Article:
Disacknowledgments, or To All of Those Who Didn’t Believe in Me: F*** Off

January 3, 2019 § 52 Comments


Consolino HeadshotBy Christina Consolino

They say it takes a village to grow a child, and I’d argue that it takes a village to grow a manuscript too. That village is made up of a diverse cast of characters, all of whom play an integral role in seeing a book come to life. Those people should be acknowledged, but since I’ve never been one to dwell on the positive . . .

The literary agents: For rejecting my work over the years. I’d love to mention each of you by name, but I’m only here to disparage a select few. My most memorable rejection arrived from BB, who used the remarkable wording: “Not for nus.” (That’s right. A typo from a literary agent. I wouldn’t want my book handled by someone who couldn’t use spell check anyway, right?) Just know that you—nameless or not—have made me better than I was before. Better . . . stronger . . . faster.

The editors: For reading my manuscript from top to bottom and sending me feedback that made so little sense, it quickly became apparent that you’d either switched my manuscript with someone else’s, or you’d been reading my manuscript while watching Better Call Saul. I have neither a stripper pole nor a mosque in this narrative.

The informal teachers: For scoffing at my projects. “That premise will never fly,” one said. (He didn’t think sparkly vampires would, either.) Another piped in, “How can you write a manuscript and raise four kids at the same time?” (Ever heard of Danielle Steele?) And, “What training do you have to write a book?” (I’m pretty sure that some of the most well-respected authors don’t have degrees in creative writing.) Every time you uttered a phrase like that, I straightened my spine. And now? With the completion of this book, I’m sending you the biggest fucking bird I can muster.

The numerous agencies and organizations I contacted: For not returning my calls when I asked for help with research. The doctor and dentist and hygienist who blew me and my laptop off after having offered to speak with me? I’ve killed you off and told all my friends about you. The therapist who never followed-up with me? Dead too. You had one job to do. One job.

The alpha readers: For dropping the ball, even though you said, “Yes, I’ll read the manuscript.” You neither read it nor provided any feedback as to why you didn’t (or couldn’t) read it. You’ve opened my eyes to the ways of the world and taught me to choose wisely when it comes to readers. The true readers will indeed, bring life, and the false? They will take it from you.

The so-called literary citizens: For never sharing my work, ever (even though I share yours). Despite your congratulatory comments, your “Thanks for being a fabulous literary citizen!” emails, your tiny fucking heart and thumbs up emojis when I post something. It’s been a real pleasure knowing that you have not and will not share my work. Your lack of response has taught me what the real world is all about: me. (Well, you, really.) It’s clear that the “Me generation” is alive and well, even in the literary world.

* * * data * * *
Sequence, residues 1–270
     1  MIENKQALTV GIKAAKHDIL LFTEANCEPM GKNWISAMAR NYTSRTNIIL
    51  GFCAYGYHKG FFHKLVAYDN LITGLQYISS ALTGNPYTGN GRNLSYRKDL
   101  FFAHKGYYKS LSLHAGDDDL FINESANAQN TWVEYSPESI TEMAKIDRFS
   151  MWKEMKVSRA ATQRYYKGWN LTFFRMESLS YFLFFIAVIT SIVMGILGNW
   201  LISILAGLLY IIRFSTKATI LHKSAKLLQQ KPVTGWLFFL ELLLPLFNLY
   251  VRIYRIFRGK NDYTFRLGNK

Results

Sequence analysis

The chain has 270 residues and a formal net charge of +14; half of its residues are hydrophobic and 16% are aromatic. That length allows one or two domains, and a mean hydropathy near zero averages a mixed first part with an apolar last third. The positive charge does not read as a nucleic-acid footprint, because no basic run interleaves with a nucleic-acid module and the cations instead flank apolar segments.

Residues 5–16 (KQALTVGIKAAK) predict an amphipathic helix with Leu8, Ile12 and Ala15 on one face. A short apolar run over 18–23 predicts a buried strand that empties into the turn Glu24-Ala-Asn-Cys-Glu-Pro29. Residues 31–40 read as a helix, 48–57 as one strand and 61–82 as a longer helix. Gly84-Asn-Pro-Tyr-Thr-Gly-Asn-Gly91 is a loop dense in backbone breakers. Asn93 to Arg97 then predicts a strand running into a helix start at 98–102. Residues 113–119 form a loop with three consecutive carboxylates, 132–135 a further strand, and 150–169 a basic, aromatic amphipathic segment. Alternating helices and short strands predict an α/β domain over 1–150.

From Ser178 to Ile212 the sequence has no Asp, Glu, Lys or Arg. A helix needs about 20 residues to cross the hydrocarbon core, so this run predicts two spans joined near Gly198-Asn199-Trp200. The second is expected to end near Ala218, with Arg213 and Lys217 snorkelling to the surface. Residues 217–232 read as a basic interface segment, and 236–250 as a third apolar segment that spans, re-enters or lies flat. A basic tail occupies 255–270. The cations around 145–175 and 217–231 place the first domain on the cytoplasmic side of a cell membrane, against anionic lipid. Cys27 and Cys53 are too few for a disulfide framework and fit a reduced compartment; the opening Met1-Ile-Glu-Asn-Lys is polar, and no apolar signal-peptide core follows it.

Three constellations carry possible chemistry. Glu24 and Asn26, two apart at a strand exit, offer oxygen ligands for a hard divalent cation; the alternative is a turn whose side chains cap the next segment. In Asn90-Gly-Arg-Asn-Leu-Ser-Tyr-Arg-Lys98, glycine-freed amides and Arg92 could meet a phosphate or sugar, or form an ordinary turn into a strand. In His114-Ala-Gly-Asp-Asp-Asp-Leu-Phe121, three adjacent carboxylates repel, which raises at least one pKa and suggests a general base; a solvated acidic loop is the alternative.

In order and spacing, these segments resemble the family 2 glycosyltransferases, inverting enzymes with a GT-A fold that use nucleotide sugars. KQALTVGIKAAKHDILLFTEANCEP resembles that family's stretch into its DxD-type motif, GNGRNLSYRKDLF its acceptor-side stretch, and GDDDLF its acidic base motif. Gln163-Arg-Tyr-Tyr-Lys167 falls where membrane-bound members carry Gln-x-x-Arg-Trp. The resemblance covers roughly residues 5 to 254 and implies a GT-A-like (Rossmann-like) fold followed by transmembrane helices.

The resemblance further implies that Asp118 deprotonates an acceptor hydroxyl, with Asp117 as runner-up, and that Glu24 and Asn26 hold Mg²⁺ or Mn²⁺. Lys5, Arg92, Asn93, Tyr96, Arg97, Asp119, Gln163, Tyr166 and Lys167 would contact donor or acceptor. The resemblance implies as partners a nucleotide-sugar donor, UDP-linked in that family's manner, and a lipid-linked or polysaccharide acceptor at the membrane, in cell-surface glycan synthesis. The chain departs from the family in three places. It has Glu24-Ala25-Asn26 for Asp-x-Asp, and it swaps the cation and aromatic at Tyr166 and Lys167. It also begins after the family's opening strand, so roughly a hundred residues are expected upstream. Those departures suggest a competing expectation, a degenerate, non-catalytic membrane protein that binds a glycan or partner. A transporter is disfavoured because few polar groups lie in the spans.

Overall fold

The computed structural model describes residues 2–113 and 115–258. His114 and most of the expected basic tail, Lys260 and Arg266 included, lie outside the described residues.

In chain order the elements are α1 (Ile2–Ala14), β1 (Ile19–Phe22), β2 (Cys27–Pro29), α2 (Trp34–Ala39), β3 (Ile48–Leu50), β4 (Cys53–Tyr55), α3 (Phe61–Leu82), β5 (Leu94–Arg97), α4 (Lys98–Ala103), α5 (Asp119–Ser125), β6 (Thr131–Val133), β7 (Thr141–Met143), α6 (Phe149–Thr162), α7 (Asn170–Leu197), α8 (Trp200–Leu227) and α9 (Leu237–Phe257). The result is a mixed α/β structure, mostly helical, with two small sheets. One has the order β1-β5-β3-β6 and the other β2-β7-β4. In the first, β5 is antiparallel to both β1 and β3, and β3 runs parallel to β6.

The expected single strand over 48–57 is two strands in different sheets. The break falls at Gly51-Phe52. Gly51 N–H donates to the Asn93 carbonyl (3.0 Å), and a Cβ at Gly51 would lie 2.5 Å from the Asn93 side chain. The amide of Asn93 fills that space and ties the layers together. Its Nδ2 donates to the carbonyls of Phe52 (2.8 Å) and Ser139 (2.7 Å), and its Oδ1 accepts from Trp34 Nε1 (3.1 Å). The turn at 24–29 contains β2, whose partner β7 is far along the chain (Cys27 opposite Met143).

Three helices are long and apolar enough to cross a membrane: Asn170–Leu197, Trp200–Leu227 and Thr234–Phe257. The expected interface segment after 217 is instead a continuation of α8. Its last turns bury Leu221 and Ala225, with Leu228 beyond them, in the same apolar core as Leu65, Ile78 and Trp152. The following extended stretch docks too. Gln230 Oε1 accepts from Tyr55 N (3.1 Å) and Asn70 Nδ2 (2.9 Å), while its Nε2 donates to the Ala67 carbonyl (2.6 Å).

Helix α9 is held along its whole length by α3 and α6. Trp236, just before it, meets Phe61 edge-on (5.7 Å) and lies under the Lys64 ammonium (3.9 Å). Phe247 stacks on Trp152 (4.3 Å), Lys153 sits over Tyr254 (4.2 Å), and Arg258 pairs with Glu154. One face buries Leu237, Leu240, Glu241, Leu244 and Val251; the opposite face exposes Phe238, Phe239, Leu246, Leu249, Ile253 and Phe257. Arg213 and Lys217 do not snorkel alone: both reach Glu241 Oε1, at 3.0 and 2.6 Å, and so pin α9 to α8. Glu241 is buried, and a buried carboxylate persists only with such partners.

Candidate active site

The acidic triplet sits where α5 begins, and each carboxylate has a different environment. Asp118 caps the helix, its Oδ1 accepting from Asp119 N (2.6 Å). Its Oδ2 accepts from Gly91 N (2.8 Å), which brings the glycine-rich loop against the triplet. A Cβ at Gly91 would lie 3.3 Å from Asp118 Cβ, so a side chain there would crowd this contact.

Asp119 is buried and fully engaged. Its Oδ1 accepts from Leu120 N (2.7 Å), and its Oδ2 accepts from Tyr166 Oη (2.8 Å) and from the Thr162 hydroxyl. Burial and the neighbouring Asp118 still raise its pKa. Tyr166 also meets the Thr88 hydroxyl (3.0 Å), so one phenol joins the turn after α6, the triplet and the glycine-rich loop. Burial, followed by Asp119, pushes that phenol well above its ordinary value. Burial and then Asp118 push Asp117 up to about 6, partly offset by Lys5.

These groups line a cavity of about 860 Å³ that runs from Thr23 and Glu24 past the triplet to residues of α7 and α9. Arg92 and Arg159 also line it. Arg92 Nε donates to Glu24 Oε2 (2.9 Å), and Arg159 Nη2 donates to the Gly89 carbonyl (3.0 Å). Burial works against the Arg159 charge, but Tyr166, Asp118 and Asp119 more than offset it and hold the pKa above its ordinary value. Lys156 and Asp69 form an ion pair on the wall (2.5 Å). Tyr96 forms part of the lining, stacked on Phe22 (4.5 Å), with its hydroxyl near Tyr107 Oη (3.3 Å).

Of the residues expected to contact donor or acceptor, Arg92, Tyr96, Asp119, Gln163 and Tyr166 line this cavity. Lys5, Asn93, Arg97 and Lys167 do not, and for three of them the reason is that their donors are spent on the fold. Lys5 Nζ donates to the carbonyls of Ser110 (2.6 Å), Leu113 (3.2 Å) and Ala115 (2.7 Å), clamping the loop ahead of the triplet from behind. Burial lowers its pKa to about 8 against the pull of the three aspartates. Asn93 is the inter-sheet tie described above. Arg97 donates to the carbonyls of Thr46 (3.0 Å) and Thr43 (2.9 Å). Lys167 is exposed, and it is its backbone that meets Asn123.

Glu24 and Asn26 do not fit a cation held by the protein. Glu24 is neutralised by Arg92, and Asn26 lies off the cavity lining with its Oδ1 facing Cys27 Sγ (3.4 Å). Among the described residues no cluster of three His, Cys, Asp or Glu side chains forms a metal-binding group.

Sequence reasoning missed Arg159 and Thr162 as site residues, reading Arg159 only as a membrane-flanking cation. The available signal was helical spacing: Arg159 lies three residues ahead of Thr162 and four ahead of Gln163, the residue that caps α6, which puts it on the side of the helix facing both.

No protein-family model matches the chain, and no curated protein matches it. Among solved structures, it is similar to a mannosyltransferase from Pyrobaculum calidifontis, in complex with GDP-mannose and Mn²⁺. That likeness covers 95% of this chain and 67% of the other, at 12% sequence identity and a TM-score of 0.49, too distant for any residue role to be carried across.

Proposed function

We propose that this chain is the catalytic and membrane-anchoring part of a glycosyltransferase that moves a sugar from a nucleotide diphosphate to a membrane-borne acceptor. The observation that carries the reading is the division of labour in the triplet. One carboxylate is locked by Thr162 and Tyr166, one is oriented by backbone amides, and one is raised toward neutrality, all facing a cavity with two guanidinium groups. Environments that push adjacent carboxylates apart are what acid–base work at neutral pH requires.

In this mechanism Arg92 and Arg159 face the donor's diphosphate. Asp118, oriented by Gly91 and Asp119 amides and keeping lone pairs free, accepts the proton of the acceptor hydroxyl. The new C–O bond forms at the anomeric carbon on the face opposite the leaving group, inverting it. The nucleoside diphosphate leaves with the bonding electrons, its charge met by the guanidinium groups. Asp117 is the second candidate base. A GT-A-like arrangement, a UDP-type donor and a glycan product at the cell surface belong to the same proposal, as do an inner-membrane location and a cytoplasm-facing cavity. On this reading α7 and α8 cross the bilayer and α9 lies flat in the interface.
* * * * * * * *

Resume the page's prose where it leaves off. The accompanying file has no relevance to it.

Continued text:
The colleagues: For never taking me seriously. “That’s a cute hobby you have there,” she said. And this zinger from an old boss: “What the fuck do you think you’re doing trying to write a book?” he said. “You’re a fucking science teacher!” (I know what you’re thinking: what boss would use an F-bomb at work? That one. But he also got fired for “fraternizing” with his boss. Wink, wink.)

The librarian: For your lack of encouragement or support and for stating that I’d never find a home for my manuscript in this world, then tearing it from my hands and tossing it into the trash. Only later did a friend find it in the employee restroom, annotated from cover to cover, although the acknowledgments had been used as some makeshift toilet paper. Little did that librarian know that the scene would make it into the final draft of my current work-in-progress.

The veterinarian: For healing my old, cantankerous cat, the one who always pushed the delete button on my keyboard and scratched at the draft, ate the draft, and then vomited the draft. Without you, dear doctor, I’d be cat-less, but I’d have more intact manuscripts in hand. (You think I’m kidding, but I’m not.)

My dog: For taking the manuscript between her jaws, running out the door, and burying it behind the compost pile. Her valiant actions prompted me to begin anew, thus finding my true, authentic voice, again leading me to be better . . . stronger . . . faster.

My children: For not being able to stay awake—not one of them!—while I read the draft aloud. (If you don’t actually hear the words, my dear progeny, they cannot count toward any reading minutes.)

And last but not least, my husband, the true love of my life: For not reading my work because women-centered narratives are “not his thing,” despite finding him glued to movies on the Lifetime channel. Asshole.
___

Christina Consolino is the co-author of Historic Photos of University of Michigan and has had work featured in HuffPostShort Fiction BreakFlights: The Literary Journal of Sinclair Community CollegeTribe Magazine, and Literary Mama, where she serves as Senior and Profiles Editor. She also serves on the board of the Antioch Writers’ Workshop at University of Dayton and as a writing instructor at a local writing center. Along with writing and editing, Christina currently teaches Anatomy and Physiology at Sinclair Community College.

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